On the face of it this is correct – we only delete rows in tableA that have a match in tableB. Unfortunately it suffers from terrible performance. In the case I came across I saw that Oracle would take 3 hours to scan tableA (table names changed from their original ones):

-------------------------------------------------------------------------------------------
| Id | Operation | Name | Rows | Bytes | Cost (%CPU)| Time |
-------------------------------------------------------------------------------------------
| 0 | DELETE STATEMENT | | 1 | 33 | 1075K (2)| 03:35:07 |
| 1 | DELETE | A | | | | |
|* 2 | FILTER | | | | | |
| 3 | TABLE ACCESS FULL | A | 320M| 9G| 1072K (2)| 03:34:30 |
|* 4 | TABLE ACCESS BY INDEX ROWID| B | 1 | 82 | 0 (0)| 00:00:01 |
|* 5 | INDEX RANGE SCAN | X1_B | 1 | | 0 (0)| 00:00:01 |
-------------------------------------------------------------------------------------------

This is because the sub-query is correlated – it refers to the outer table (tableA) and so must be executed for each row of tableA from the outer, main query. This results in a full table scan of tableA, and then a join to tableB for the correlated sub-query. If tableA is large and tableB is small with a list of rows to delete, then the performance is very bad indeed.

The solution is to rewrite the sub-query so that it is not correlated, and we can do that using IN i.e. where a row in tableA has a matching row IN tableB. The delete then becomes:

delete from tableA where (tableA.pkey) IN (select tableB.fkey from tableB)

The meaning of this is exactly the same as the other delete, but now the sub-query is not correlated. Oracle can now choose an execution plan that scans tableB to produce a set of rows, and join to tableA using an index. This executes much faster, as you would expect.


------------------------------------------------------------------------------------------
| Id | Operation | Name | Rows | Bytes | Cost (%CPU)| Time |
------------------------------------------------------------------------------------------
| 0 | DELETE STATEMENT | | 1 | 113 | 6 (17)| 00:00:01 |
| 1 | DELETE | A | | | | |
|* 2 | FILTER | | | | | |
| 3 | NESTED LOOPS | | 1 | 113 | 6 (17)| 00:00:01 |
| 4 | SORT UNIQUE | | 1 | 80 | 2 (0)| 00:00:01 |
|* 5 | TABLE ACCESS FULL | B | 1 | 80 | 2 (0)| 00:00:01 |
|* 6 | INDEX RANGE SCAN | X1_A | 1 | 33 | 3 (0)| 00:00:01 |
------------------------------------------------------------------------------------------

As you can see the estimated cost has reduced from over 1 million to just 6, and the estimated elapsed time from 3 and a half hours to just one second! A major improvement. Obviously this improvement is down to the fact that tableB is at least 1,000 times smaller than tableA.

Either way, I believe that using IN is a better way of phrasing the sub-query, because it is clearer to Oracle which way round the relationship is (A depends on B, not vice versa), and gives the optimizer more flexibility of how to execute the SQL statement. If tableB were big enough with respect to tableA, then there is no reason why the optimizer could not go back to the original execution plan – scanning A and joining to B.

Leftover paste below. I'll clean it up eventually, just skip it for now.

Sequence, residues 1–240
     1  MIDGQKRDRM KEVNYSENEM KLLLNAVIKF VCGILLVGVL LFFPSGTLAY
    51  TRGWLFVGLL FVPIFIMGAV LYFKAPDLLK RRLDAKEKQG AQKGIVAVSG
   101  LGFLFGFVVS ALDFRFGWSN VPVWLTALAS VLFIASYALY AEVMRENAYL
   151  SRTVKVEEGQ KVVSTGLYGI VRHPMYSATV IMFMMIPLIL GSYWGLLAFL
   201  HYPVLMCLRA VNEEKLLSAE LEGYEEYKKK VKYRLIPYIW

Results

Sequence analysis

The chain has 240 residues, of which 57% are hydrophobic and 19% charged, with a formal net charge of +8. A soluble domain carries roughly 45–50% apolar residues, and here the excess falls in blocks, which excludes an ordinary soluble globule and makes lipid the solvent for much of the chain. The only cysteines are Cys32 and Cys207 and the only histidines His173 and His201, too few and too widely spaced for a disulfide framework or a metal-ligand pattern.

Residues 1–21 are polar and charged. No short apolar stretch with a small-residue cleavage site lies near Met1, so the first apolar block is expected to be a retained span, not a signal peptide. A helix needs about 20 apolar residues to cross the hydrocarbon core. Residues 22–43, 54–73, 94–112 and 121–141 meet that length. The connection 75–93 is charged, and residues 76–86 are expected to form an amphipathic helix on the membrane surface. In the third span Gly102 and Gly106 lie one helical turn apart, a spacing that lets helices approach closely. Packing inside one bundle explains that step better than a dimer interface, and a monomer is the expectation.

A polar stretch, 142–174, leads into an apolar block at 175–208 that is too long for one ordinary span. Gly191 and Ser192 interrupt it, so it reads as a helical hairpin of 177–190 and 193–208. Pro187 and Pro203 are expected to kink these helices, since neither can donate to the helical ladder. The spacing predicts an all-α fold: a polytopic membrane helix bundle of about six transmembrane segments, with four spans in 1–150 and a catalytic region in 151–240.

Where it really makes a difference is where you have other conditions on tableB within the sub-query – not just the foreign key join to tableA. When using EXISTS, Oracle will ignore extra indexes on tableB and treat the correlated sub-query in the same way – check tableB for each row in tableA. When using IN, Oracle can take advantage of extra indexes on tableB if they help with other conditions on columns of tableB in its sub-query. Thus it can use an index for the initial access to data in tableB, and then use the primary key index into tableA. This results in efficient execution plans for the DELETE.

The problem also occurs with Updates, but is compounded by needing to refer to the same table twice within the update statement. Again, the Sybase syntax is much simpler and more straightforward:


update tableA
set tableA.column1 = tableB.column1, tableA.column2 = tableB.column2
from tableA, tableB
where tableA.pkey = tableB.fkey

In Oracle we need to use a sub-query for tableB in the WHERE clause in the same way as for the Delete statement, and we also need a sub-query for tableB in the SET clause so that it is updated to the values in the matching row in tableB. This is important – without both sub-queries we would either update the wrong rows (WHERE clause problem) or update them to the wrong values (SET clause problem). The Oracle equivalent, using the same rewrite as before is:


update tableA
set (column1, column2) = (select tableB.column1, tableB.column2
from tableB where tableA.pkey = tableB.fkey)
where pkey in (select fkey from tableB)

As already mentioned this particular update will perform well when executed. Typically Oracle will scan tableB if it is much smaller for the sub-query, then join to tableA on its key columns assuming there is an index on them, and then join back to tableB to get the values to update the columns to.